This morning a friend messaged me, worried that Human Rights Watch will be screening a documentary featuring Gen. Pervez Musharraf, Pakistan’s former military dictator, at its London film festival. “You might end up glorifying a criminal,” my friend warned.
I assured my friend that Human Rights Watch’s position on Musharraf is clear – far from celebrating him, we want him to be prosecuted for the serious human rights violations that he both committed and was complicit in during his rule. Under Musharraf’s watch, the Pakistan government arbitrarily detained hundreds of critics and tortured alleged terrorism suspects. A number of opposition politicians were exiled, jailed, tortured, and murdered to enable his military rule from 1999 to 2008. Musharraf persistently undermined the right to free expression, attacking critical media. He is also named as a primary suspect in the assassination of former Prime Minister Benazir Bhutto in 2007.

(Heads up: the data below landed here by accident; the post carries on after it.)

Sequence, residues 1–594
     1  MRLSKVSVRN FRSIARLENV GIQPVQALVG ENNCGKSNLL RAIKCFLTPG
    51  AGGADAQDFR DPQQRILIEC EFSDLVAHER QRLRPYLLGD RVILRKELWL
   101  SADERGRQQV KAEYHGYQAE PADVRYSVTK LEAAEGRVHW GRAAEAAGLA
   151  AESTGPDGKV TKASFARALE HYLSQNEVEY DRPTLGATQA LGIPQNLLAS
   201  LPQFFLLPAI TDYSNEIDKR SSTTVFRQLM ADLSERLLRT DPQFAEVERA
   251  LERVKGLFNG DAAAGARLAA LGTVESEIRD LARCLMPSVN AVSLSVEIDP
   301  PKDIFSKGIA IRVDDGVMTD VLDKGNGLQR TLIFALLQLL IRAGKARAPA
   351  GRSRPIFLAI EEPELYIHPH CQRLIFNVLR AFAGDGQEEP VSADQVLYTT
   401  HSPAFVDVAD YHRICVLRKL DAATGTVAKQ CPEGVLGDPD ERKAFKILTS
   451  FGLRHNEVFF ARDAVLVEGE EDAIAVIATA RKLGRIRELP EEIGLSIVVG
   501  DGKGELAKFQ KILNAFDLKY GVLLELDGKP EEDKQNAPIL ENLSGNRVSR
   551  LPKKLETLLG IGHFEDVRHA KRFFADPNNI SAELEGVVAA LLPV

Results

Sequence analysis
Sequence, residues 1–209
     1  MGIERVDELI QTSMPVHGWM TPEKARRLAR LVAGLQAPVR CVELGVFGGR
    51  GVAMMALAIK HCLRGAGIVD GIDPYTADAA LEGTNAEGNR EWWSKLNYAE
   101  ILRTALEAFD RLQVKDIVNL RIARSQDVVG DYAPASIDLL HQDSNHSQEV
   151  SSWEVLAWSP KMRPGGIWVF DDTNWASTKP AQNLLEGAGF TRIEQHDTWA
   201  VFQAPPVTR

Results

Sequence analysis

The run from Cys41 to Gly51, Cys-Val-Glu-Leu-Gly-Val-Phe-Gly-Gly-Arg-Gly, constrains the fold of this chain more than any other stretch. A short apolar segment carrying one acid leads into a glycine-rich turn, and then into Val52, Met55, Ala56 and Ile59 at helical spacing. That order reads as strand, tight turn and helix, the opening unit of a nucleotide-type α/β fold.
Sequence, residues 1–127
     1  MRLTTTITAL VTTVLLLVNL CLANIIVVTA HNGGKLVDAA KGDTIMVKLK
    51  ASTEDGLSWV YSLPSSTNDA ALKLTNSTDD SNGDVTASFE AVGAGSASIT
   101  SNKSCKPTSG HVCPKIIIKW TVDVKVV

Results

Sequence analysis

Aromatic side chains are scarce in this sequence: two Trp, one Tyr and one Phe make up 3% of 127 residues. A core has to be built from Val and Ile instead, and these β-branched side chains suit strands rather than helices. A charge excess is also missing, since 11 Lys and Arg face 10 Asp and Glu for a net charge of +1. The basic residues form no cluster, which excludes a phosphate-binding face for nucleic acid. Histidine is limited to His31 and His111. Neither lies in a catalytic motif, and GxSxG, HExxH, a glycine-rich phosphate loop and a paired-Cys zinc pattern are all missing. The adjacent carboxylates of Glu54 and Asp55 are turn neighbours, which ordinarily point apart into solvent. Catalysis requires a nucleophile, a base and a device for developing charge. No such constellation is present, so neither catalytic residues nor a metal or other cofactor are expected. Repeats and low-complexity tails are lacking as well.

The film, Insha’Allah Democracy, was selected in part to remind people about Musharraf’s abuses and jumpstart a conversation about addressing them.
The film follows its director, Mohammed Naqvi, as he votes during Pakistan’s past elections and has exclusive access to Musharraf. Musharraf’s answers to Naqvi’s questions provide a rare insight into the dictator’s mind. But it should not be confused with glorifying Musharraf.
The film explores Pakistan’s history of military dictatorship and its fraught democratic experience. While Human Rights Watch does not endorse the contents of any of the films being screened, as Naqvi said, Insha’Allah Democracy is “critical of military rule and actually advocates Pakistan’s journey towards democracy.”
For Pakistan to become a rights-respecting democracy it needs to face its past – including its military dictators. Investigating and fairly prosecuting Musharraf for his alleged crimes will send a clear message to Pakistan’s present and future leaders – that no matter how powerful you become, if you commit serious abuses you cannot escape accountability.